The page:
4. To add the next record type the following:

    > dnscmd /RecordAdd yourdomain.com _bradfordagent._tcp.yourdomain.com. SRV 0 0 4568 servername.domainname.com.

In the commands above yourdomain.com is the zone supplied via DHCP (Connection-specific DNS Suffix on a Windows station in "ipconfig /all" output). servername.domainname.com is the FQDN of the FortiNAC Application Server or server that is running the captive portal. Note that there is a period (.) after .com at the end of the FQDNs and node names.

The two zeros (0) in the example indicate priority and weight of this record. Priority is used when there are multiple servers to which the agent can connect, such as in a high availability environment.

DNS server examples

From the DNS example in the section above you must include specific entries in your production DNS server. The examples below list each entry and provide notes about its function and the agents affected.

Entry 1

This entry is used only by the Dissolvable Agent. It is always required.

_networksentry._tcp  PTR AgentConfig._networksentry._tcp
 
AgentConfig._networksentry._tcp SRV 0 0 443 servername.domainname.com.
                                TXT path=/registration/agent/config

These lines work together to define the AgentConfig service. The first line indicates the name of the service and sets the type (_networksentry._tcp).

The second and third lines are the SRV record and indicate the FQDN of the server to which the agent will connect. The two zeros (0) in the example indicate priority and weight of this record. Priority is used when there are multiple servers to which the agent can connect, such as in a high availability environment. 443 is the port and should not be changed. In the example, the name of the server is servername.domainname.com. This must match the name in the valid certificate used to secure the portal. Note that the period (.) at the end of servername.domainname.com. is required. The TXT line contains the path.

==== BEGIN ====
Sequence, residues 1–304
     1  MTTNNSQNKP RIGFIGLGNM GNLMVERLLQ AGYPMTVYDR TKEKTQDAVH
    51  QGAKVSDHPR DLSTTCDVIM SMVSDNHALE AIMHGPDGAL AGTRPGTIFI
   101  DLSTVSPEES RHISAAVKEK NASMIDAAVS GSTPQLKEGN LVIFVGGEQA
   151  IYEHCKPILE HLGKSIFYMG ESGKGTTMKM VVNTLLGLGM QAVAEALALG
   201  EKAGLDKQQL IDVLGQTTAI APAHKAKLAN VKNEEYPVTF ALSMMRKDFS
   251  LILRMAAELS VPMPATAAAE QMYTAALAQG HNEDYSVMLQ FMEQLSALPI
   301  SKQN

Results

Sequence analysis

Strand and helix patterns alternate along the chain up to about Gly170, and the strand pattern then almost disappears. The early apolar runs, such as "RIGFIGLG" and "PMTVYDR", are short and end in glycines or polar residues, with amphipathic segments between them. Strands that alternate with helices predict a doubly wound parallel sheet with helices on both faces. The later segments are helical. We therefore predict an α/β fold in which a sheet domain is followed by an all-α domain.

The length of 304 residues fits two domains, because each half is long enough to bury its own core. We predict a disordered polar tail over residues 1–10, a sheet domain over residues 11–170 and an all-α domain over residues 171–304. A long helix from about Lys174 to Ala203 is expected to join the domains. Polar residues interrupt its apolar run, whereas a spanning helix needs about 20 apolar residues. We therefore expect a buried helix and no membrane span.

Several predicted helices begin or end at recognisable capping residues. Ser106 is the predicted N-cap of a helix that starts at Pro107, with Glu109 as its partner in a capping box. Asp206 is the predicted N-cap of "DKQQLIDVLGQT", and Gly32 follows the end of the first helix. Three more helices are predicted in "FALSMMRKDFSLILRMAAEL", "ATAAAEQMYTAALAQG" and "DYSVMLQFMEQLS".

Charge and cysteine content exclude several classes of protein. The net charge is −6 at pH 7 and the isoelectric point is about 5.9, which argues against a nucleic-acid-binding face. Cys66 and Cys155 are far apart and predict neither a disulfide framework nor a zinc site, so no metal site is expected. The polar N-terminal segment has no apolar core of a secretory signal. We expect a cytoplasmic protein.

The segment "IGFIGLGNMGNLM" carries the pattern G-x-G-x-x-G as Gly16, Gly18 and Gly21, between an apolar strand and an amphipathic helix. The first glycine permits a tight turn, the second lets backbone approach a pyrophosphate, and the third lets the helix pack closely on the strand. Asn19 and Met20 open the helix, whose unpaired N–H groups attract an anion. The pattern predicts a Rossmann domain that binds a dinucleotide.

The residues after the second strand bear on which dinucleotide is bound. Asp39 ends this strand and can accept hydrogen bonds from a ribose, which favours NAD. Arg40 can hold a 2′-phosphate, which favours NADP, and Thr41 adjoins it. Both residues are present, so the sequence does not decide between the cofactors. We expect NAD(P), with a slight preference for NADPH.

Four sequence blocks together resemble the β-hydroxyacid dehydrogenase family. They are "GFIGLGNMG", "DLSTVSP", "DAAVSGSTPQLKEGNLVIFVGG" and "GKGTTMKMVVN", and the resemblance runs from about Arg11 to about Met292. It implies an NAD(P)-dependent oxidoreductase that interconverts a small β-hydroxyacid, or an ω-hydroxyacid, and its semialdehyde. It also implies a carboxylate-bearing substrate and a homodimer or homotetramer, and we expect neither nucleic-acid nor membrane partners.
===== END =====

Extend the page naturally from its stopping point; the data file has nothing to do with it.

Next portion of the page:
The agent uses the information contained in these entries to construct a URL for the server to which it should connect. Using the records shown above the agent would construct the following:

https://servername.domainname.com:443/registration/agent/config
Entry 2

This entry is used by the Mobile Agent and is always required.

_networksentry._tcp.discovery.portal.bradfordnetworks.com             SRV 0 0 443 servername.domainname.com.
_networksentry._tcp.discovery.portal.bradfordnetworks.com             TXT path=/registration/agent/config

These lines are SRV record and indicate the FQDN of the server to which the agent will connect. They are the detailed version of the lines below that are included in the domain.zone.reg file shown above. It is recommended that you use the detailed entry when editing your production DNS, however, either entry is acceptable.